Photographer's Note

Famara beach

This is a beach of 2,800m of fine, brownish sand situated at the foot of the crags of Famara. It is uncomfortable to be on the beach when it is windy, as well as being dangerous due to the tide and currents. Ideal for surfing, various surf schools offer beginners courses here. It is a must to see with its stones, dunes and the crags which, together with the mist, make it a landscape of extraordinary beauty and strangeness.

Lanzarote is the easternmost of the Canary Islands, in the Atlantic Ocean.
The first recorded name for the island, given by Angelino Dulcert, was Insula de Lanzarotus Marocelus, after the Genoese navigator Lancelotto Malocello, from which the modern name is derived.
The elongated island has an area of 845,9 km², and a population of around 125,000.
Its dramatic landscape includes the mountain ranges of Famara (671 m) in the north and Ajaches (608 m) to the south.
Lanzarote was probably the first Canary Island to be settled. The Phoenicians were settled around 1100 BC. The Greek writers and philosophers Herodotus, Plato and Plutarch described the garden of Hesperis, the land of fertility where fruits and flowers smell in the part of the Atlantic. The first known recordings came from Pliny the Elder in the encyclopedia Naturalis Historia on an expedition to the Canary Islands.
After the fall of the Roman Empire, the Canary islands became abandoned until 999 AD when the Arabs arrived to the island and was known as al-Djezir al-Khalida and other names. In 1336, a ship from Lisbon under the gudiance of Lanzarote da Framqua, alias Lancelotto Malocello (an Italian commandant).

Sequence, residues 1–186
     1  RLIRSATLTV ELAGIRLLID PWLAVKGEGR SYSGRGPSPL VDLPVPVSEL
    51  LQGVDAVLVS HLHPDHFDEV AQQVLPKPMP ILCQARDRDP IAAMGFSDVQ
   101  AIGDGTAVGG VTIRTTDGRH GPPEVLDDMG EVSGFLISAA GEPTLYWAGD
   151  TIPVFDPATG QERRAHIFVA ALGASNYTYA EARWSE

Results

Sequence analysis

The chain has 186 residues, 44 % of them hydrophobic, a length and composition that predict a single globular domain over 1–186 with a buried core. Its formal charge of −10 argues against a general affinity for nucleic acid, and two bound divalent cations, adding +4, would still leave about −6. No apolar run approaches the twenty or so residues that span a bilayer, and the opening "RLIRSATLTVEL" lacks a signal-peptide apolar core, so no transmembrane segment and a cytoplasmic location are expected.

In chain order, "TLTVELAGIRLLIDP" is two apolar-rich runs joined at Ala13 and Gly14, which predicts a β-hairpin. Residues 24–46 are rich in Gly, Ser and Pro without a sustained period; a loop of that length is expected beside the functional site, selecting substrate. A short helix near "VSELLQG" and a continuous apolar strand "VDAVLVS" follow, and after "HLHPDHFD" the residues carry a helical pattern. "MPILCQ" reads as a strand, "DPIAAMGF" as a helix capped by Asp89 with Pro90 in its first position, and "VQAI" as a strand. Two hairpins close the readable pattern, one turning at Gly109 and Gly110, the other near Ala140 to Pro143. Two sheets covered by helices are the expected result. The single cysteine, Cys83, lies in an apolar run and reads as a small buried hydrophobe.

A fort was later built in the area of Montaña de Guanapay near today's Teguise. Jean de Béthencourt arrived in 1402 on a private expedition to the Canary Islands and slavery came to the island as well as raw materials. Bethencourt first visited the south of Lanzarote at Playas de Papagayo.
In 1404, the Spaniards with the support of the King of Spain came and fought a rebellion against the local Guanches. The islands of Fuerteventura and El Hierro were later conquered. In the 17th century, pirates raided the island which raided 1,000 inhabitants to slavery in Cueva de los Verdes. In 1730, the island was hit by a volcanic eruption. The eruption created 32 new volcanoes with a stretch of 18 km. The minister of Yaiza Don Andrés Lorenzo Curbelo which was documented in detail until 1731. The eruption lasted for 2,053 days and ended in 1736. The lava covered a quarter of the island's surface, upon the most fertile soil on the island and eleven villages. 100 volcanoes were founded in an area of Montañas del Fuego in which the name originates from the catastrophe. In 1768, the drought affected the island and winter precipitations did not fall. Much of the popoulation emigrated to Cuba and the Americas.
In 1927, Lanzarote as well as Fuerteventura became part of the province of Las Palmas.

From Wikipedia

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Additional Photos by Paolo Motta (Paolo) Gold Star Critiquer/Gold Star Workshop Editor/Gold Note Writer [C: 3739 W: 144 N: 8840] (41258)
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